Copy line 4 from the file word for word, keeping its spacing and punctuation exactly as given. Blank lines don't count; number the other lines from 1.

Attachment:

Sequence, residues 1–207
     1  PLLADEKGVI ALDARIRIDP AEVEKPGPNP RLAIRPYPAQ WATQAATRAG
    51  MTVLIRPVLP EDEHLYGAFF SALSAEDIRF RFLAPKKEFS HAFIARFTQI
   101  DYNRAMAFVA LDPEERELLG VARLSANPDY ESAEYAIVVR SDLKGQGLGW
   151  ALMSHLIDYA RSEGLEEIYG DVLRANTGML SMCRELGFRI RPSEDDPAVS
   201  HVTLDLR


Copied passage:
   101  DYNRAMAFVA LDPEERELLG VARLSANPDY ESAEYAIVVR SDLKGQGLGW